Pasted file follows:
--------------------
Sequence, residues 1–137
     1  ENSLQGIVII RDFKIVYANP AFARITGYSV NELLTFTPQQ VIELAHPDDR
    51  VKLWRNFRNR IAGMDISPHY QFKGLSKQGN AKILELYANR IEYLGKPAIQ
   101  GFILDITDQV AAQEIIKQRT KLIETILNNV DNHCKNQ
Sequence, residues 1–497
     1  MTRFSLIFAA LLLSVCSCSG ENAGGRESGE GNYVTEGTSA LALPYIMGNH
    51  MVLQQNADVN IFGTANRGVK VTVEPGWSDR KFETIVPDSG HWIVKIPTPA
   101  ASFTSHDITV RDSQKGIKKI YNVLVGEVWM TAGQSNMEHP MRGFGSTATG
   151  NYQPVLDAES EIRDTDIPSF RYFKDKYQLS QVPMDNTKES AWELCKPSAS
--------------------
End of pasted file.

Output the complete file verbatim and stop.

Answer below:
Sequence, residues 1–137
     1  ENSLQGIVII RDFKIVYANP AFARITGYSV NELLTFTPQQ VIELAHPDDR
    51  VKLWRNFRNR IAGMDISPHY QFKGLSKQGN AKILELYANR IEYLGKPAIQ
   101  GFILDITDQV AAQEIIKQRT KLIETILNNV DNHCKNQ
Sequence, residues 1–497
     1  MTRFSLIFAA LLLSVCSCSG ENAGGRESGE GNYVTEGTSA LALPYIMGNH
    51  MVLQQNADVN IFGTANRGVK VTVEPGWSDR KFETIVPDSG HWIVKIPTPA
   101  ASFTSHDITV RDSQKGIKKI YNVLVGEVWM TAGQSNMEHP MRGFGSTATG
   151  NYQPVLDAES EIRDTDIPSF RYFKDKYQLS QVPMDNTKES AWELCKPSAS